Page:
Does the following matrix have an inverse?


by frankR
Tags: inverse, matrix
frankR
frankR is offline
#1
Oct8-03, 07:55 PM
frankR's Avatar
P: 91
N= [i,1;-1,i]

I used this theorem: N N-1 = In

Thus:

[i,1;-1,i]*[a,b:c,d]=[1,1;1,1]

I then found:

ia+c=1
ib+d=1
-a+ic=1
-b+id=1

Can I conclude an inverse does not exist. If so, how?

If not, what do I do?


Thanks,

Frank
Phys.Org News Partner Science news on Phys.org
Cougars' diverse diet helped them survive the Pleistocene mass extinction
Cyber risks can cause disruption on scale of 2008 crisis, study says
Mantis shrimp stronger than airplanes
Hurkyl
Hurkyl is offline
#2
Oct8-03, 08:12 PM
Emeritus
Sci Advisor
PF Gold
Hurkyl's Avatar
P: 16,101
I2 = [1, 0; 0, 1]


What theorems have you learned about invertible matrices? (e.g. have you learned anything about how to tell if a matrix is invertible based on its determinant)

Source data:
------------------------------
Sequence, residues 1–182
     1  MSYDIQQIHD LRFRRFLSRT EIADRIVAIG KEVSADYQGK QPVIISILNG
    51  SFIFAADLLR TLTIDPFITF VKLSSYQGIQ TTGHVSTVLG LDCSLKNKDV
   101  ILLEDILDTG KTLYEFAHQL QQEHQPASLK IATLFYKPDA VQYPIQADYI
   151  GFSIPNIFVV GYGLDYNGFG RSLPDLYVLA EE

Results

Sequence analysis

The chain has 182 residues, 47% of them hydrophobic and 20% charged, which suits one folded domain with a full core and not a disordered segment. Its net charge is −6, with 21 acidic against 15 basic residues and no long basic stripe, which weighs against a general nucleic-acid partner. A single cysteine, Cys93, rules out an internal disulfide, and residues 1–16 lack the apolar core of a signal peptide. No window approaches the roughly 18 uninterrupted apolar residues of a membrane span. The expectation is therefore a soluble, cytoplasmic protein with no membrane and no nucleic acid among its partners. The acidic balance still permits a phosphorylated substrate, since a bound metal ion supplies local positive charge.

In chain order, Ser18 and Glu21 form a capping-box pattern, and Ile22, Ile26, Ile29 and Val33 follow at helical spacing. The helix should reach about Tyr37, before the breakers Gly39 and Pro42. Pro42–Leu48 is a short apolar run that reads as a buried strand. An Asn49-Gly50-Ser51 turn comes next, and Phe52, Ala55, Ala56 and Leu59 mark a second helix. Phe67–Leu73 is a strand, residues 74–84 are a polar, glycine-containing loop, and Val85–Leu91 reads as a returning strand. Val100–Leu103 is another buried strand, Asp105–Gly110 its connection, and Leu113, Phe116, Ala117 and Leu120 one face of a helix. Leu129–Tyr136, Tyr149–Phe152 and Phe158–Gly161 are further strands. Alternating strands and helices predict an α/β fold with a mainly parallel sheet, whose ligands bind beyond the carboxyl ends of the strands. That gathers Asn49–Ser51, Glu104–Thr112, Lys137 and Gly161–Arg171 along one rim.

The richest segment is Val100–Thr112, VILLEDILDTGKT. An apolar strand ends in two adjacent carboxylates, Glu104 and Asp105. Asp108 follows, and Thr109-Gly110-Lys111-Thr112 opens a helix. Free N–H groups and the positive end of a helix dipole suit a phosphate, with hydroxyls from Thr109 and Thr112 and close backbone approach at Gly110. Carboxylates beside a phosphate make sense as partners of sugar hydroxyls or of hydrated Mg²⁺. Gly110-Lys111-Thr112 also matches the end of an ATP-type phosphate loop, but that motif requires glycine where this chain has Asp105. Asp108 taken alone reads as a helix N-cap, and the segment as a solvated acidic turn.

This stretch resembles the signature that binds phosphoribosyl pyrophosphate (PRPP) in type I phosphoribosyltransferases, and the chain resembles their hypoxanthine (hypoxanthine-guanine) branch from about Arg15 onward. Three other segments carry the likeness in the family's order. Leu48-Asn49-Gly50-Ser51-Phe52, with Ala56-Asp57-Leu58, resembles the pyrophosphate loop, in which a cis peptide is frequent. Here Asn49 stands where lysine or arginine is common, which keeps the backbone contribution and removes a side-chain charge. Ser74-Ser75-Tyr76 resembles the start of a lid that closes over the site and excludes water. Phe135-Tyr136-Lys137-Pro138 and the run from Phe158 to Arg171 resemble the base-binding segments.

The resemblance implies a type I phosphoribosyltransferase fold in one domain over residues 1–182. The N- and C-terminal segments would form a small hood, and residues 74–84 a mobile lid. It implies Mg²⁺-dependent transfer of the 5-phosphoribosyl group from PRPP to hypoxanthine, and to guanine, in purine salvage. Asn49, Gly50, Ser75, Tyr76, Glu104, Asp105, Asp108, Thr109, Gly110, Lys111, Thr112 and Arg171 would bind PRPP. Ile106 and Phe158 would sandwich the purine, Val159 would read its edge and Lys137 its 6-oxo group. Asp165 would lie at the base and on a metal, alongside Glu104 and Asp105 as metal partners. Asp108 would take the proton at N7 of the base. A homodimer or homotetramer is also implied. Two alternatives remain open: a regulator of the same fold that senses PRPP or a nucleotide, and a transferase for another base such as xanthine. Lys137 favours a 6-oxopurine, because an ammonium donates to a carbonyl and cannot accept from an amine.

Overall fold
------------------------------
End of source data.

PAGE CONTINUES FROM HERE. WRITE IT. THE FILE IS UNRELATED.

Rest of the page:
Or, you could apply the algorithm for computing inverses and see if you get an answer or if its impossible.
frankR
frankR is offline
#3
Oct8-03, 08:44 PM
frankR's Avatar
P: 91
Originally posted by Hurkyl


Or, you could apply the algorithm for computing inverses and see if you get an answer or if its impossible.
I just found this:

N-1 exists only if:

det(NN-1 != 0

I'm a little rusty on my linear algebra, plus I got a concusion yesterday.

arcnets
arcnets is offline
#4
Oct10-03, 06:17 PM
P: 513

Does the following matrix have an inverse?


frankR,
Hurkyl has told you what I2 is, because you got that wrong. Just redo your calculation using Hurkyl's hint and you should be able to answer this easily.


Register to reply

Related Discussions
Inverse Matrix General Math 14
Inverse of Matrix Sum Linear & Abstract Algebra 1
Inverse of a matrix Calculus & Beyond Homework 4
Inverse Matrix Linear & Abstract Algebra 7
Inverse matrix Calculus 3